Lewis Carroll: biografia e Le avventure di Alice nel Paese delle Meraviglie

Breve biografia di Lewis Carroll, riassunto e significato del suo famoso romanzo "Le avventure di Alice nel Paese delle Meraviglie" e la letteratua per l'infanzia durante l'epoca vittoriana in inglese (1 pagine formato doc)

Appunto di liberty870


Lewis Carroll.

Born in 1832 was the third child in a family of eleven imaginative and eccentric children who produced magazines containing parodies, word-games and puzzles, but he was educated at Rugby and Oxford University where he went on to lecture in mathematics. His first and most famous children’s story, “Alice’s Adventures in wonderland” was published in 1865. After meeting Alice he expanded the improvised story into book form.
The alice books were considered unusual for the time.
They had no apparent didactic purpose and contained no explicit moral. In the 20th century they began to be appreciated not only as children’s classics but as major literary and philosophical works, exploring the limits of language and logic. Lewis Carroll died in 1898.

Lewis Carroll: biografia e opere


-The plot. Alice’s Adventures in wonderland has no real plot. Instead it follows a dream-logic as Alice, the protagonist, falls asleep and dreams of falling down a rabbit hole. She emerges in a surreal and illogical world whose nature and laws constantly change. Alice too begins to change, her body growing or shrinking depending on what she east or drinks. In this world Alice meets a series of fantastical talking animals and other characters: White Rabbit, March Hare, The Duchess, a mouse. Alice has forgotten or has confused everything she ever ever learned in school. Once she does to enter the garden she finds the Queen of Hearts and her court of playing cards engaged in an eternal croquet match whose rules are made up as they go along, while the Queen constantly demands that one or other of her subjects be executed for some incomprehensible offence, though no execution actually takes place. At this point she wakes up beside her elder sister to whom she recounts her dream. The book ends with the elder sister’s melancholy reflection on the relationship of girlhood dreams to reality, imagining the real Alice as a grown woman telling her own children the tale of Alice in Wonderland.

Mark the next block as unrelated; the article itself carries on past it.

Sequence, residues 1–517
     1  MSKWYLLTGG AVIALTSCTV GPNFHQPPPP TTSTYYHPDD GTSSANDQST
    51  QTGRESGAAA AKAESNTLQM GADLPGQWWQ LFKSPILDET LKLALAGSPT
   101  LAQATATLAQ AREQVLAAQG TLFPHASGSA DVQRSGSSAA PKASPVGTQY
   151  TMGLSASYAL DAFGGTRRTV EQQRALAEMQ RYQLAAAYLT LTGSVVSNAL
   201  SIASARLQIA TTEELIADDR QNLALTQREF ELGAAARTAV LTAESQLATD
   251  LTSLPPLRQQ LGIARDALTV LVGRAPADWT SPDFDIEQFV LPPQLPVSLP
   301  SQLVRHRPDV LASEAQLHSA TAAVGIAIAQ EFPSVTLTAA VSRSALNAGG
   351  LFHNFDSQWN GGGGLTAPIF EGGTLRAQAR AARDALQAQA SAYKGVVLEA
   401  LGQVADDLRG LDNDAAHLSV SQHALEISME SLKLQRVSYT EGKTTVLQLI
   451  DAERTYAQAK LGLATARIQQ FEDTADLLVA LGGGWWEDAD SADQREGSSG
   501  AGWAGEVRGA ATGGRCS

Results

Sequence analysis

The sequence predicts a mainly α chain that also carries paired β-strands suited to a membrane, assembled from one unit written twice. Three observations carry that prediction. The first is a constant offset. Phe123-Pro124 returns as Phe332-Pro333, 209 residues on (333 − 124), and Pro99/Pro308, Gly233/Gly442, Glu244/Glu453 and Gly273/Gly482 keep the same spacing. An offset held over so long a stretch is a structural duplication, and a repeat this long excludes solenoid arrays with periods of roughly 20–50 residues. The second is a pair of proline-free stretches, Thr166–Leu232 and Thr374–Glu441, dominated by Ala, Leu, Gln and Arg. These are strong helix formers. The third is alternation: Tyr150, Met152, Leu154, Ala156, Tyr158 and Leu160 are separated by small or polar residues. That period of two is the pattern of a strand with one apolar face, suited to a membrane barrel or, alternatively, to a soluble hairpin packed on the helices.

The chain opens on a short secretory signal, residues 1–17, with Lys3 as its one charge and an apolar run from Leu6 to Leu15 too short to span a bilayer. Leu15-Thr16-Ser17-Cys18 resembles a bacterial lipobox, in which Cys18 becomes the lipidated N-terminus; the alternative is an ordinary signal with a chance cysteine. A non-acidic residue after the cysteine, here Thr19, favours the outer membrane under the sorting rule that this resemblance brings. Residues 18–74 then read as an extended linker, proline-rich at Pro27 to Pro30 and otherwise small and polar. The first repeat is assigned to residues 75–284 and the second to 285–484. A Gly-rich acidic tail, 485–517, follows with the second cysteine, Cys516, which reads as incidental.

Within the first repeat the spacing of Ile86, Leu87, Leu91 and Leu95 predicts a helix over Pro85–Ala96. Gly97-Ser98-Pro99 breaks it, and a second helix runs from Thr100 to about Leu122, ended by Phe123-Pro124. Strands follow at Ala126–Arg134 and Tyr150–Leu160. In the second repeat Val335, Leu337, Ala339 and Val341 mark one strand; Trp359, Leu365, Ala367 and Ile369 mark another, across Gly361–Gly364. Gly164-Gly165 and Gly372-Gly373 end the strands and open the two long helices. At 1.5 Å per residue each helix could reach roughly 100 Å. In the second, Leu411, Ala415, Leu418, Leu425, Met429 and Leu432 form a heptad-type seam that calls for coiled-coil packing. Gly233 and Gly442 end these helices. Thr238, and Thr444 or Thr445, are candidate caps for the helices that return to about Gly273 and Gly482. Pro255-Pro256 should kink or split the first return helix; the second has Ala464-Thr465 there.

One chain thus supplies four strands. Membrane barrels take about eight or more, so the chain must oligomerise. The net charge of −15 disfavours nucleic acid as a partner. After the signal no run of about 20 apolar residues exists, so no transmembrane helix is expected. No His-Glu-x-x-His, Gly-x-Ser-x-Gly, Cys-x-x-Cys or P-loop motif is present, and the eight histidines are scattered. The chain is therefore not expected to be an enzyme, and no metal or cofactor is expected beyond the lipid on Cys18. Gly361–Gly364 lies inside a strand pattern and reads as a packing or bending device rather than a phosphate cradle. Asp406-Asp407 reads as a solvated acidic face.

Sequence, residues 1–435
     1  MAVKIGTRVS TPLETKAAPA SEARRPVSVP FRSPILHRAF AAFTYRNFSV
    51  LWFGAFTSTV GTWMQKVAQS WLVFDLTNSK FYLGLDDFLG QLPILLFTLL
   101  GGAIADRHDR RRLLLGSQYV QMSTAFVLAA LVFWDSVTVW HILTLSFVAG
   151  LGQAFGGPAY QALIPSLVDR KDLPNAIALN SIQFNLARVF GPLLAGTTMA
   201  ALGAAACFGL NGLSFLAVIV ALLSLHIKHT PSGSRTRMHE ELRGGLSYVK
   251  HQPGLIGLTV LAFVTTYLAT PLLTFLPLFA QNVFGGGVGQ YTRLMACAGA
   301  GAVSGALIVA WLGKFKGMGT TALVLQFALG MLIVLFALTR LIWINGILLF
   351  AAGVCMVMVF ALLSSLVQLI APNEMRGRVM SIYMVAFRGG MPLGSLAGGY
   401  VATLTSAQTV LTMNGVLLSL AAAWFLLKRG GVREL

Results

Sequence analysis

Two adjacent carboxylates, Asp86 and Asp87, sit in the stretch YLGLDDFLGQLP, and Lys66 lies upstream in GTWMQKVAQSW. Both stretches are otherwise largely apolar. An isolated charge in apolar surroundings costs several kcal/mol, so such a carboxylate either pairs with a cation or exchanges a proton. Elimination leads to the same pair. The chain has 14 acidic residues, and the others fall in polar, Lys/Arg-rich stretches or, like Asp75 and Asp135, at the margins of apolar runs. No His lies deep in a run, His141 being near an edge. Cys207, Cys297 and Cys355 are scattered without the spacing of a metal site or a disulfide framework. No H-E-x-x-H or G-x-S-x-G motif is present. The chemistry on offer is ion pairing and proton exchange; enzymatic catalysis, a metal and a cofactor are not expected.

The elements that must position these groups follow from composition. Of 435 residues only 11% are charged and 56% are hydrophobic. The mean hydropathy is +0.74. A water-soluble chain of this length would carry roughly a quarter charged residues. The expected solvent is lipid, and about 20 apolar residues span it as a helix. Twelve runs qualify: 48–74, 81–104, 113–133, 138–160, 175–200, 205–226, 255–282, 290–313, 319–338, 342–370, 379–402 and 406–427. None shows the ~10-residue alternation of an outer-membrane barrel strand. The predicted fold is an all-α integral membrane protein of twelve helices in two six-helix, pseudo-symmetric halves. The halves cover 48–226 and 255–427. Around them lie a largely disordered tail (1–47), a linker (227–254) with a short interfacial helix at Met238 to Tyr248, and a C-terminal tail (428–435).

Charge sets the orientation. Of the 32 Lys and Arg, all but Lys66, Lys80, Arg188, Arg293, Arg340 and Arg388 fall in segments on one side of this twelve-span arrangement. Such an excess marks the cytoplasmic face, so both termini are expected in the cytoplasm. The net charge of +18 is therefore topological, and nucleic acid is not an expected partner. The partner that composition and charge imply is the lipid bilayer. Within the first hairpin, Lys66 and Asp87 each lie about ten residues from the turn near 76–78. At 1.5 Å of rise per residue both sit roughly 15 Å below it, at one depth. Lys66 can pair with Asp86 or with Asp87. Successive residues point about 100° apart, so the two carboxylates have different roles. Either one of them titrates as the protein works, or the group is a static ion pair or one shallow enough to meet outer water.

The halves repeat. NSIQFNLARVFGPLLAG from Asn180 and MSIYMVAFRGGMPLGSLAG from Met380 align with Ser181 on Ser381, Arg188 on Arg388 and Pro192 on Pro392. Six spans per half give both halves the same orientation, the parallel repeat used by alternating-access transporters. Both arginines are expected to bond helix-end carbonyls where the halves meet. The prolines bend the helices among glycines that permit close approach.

-Alice and children’s literature in the Victorian age. The Victorian period saw an explosion in children’s literature and this coincided with the assignation of a special status to childhood in middle-class society. Indeed the child was granted his or her own space within the home, with unlimited freedom, but the reality function was to isolate middle class children from contact to preparing them for insertion in their social role as adults.
However carrol’s work cannot be inserted into this paradigm. An important aspect of the book are the parodies regarding 19th-century moral conventions on children’s literature and institutions of Victorian Age. Another parody is about the moralizing tendencies of Victorian age. The tendency  to find always a law, a moral in everything. Indeed the duchess claims there is a moral in everything.. and this’s a caricature of the moralizing tendencies.


-The rules of Wonderland. A particularly aspect of the book, meanwhile, is its representation of the body, Alice’s body, which is constantly mutating. Indeed she refuses the idea of temporal growth into adulthood. Alice retains the ability to remain a child, but she can also become a giantess. She prefer remaining child with a adult mind, being different by peterpan, who want remaining a child with a child mind to haven’t adulthood problems.